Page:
Imbolc window display

Imbolc window display

A couple of weeks ago, Steve and Gypsy changed the window display to celebrate the Spring (which is on its way) and Imbolc specifically.  Here is a bit of information about the window display and some photos of it too.

The Wheel of the Year

The Ancient Festivals

The year can be divided into eight major festivals which mark the passage of the Sun through the year and relate directly to the agricultural cycle.  This is significant to many people (including witches)  The current festival is:

Imbolc or Candlemas

1st or 2nd February

Imbolc marks the end of winter and the beginning of spring.  From now on the days get noticeably longer and  seeds that have been dormant all winter start to stir.  

Sacred to the ancient Goddess Bride, Bridhe or Bridget.   A time to visit one of the many Holy wells so loved by Bride the healer.  In Ireland it is the feast of St Brigid (the Christianised Pagan Goddess).

The Winter is passed, the return of the Sun King is evident.  Celebrate by lighting candles.

The Christian Church has adopted this festival as the feast of the Purification of the Virgin.

This is the time of year to hang a ‘Brides Cross’,  in your house as protection.


Stag’s Head by Artist Marti Dean

Of the animals connected with witchcraft and magic, the stag is closely associated with the Horned God of Witchcraft. With roots set in the pagan histories and traditions of Europe, the symbolism of the stag has been represented in a variety of ways, from the Neolithic painting of the antlered ‘Sorcerer’ within the cave Trois-Frères in France, to the Gundestrup Cauldron, a piece of Iron Age silverwork depicting the Celtic antlered god Cernunnos.

For some modern witches, the stag–god Cernunnos is recognised as the horned god of nature and magic, and thus is celebrated in the rituals, art, and magic of modern witchcraft. This anthropomorphic sculpture of a green stag with branch-like antlers symbolises the magic of the regenerative force in nature. The objects hung on the antlers will be changed throughout the coming year.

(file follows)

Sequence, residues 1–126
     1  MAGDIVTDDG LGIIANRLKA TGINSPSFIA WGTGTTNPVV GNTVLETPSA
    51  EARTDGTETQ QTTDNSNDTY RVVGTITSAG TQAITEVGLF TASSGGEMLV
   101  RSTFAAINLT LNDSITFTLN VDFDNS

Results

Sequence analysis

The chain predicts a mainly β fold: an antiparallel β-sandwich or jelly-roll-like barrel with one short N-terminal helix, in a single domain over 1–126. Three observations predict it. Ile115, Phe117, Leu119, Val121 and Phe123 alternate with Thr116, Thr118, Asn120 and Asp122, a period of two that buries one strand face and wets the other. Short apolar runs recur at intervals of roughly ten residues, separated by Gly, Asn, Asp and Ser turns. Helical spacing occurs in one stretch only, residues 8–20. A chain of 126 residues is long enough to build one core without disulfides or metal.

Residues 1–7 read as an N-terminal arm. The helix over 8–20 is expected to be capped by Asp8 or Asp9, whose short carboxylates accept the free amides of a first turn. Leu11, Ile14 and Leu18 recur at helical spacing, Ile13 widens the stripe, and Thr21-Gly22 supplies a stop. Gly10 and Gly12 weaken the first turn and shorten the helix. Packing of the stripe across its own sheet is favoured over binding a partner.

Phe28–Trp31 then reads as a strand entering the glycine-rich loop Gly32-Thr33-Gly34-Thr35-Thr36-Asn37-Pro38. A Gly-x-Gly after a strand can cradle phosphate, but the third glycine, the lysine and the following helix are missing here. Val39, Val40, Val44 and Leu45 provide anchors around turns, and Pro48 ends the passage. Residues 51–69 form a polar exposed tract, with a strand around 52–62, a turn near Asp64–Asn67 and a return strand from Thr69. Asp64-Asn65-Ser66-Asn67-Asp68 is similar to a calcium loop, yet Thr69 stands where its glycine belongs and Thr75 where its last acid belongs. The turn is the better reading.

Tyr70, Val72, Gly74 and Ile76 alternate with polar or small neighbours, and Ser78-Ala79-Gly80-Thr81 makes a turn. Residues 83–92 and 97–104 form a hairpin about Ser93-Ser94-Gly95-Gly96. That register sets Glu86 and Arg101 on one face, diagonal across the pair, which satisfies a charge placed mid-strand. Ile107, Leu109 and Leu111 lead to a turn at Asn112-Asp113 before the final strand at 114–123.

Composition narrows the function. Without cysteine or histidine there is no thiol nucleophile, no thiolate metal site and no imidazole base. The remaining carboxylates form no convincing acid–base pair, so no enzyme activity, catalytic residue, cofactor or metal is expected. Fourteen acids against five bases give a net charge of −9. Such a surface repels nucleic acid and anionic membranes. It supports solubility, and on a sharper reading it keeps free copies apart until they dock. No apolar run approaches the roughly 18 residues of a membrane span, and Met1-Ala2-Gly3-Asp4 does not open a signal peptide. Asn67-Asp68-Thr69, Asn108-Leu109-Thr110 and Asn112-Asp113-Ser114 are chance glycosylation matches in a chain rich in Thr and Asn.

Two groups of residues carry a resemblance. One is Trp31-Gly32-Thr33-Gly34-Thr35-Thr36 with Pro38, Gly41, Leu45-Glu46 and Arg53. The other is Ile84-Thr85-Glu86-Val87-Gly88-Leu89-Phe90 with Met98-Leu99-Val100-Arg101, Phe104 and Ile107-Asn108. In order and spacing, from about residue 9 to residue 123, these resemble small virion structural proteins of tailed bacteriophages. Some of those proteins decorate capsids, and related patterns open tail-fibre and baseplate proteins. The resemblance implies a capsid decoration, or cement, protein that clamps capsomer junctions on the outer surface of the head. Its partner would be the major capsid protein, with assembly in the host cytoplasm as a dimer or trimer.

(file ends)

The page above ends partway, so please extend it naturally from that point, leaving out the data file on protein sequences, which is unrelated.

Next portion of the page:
For Imbolc, the stag’s antlers have been decorated with Bride’s Crosses and a Bride’s Girdle (made by Gillian Nott). 

Objects in the Window Display

On the stag’s antlers

The stag’s antlers are decorated with various Bride’s Crosses which were made for the Museum by Gillian Nott.  These were traditionally made on Saint Bridgit’s Eve (January 31st) and were hung in honour of Bridgit and to gain her protection.

There is also a Bridgit’s Girdle on the antlers (it is the large woven hoop).  The following information is adapted from “The Year in Ireland” by Kevin Danaher (1972).

The crios bride or Briget’s Girdle is a straw rope, eight to ten feet long, with a number of crosses plaited in straw attached to it.  

A party of young people would go from house to house.  At each house visited, the occupants were expected to pass through the crios, thus obtaining the protection of Bridget and freedom from illness (especially pains in the bones) for the coming year.

Snowdrops and candles

Bridgit is associated with things that are white: milk, lambs, white candles and snowdrops.  There are several Irish songs which make mention of “Bridget, dressed in white.”  Snowdrops and candles symbolise the returning of light and spring.  It is a custom to light all the lights in your house at this time to welcome back the light.

Outside of the Museum, things are looking good, the bulbs are coming through and the wishing well has been cleared out too.

Strange to think that this time last year little Miss Agnes was still “in the belly”, look at her now…!




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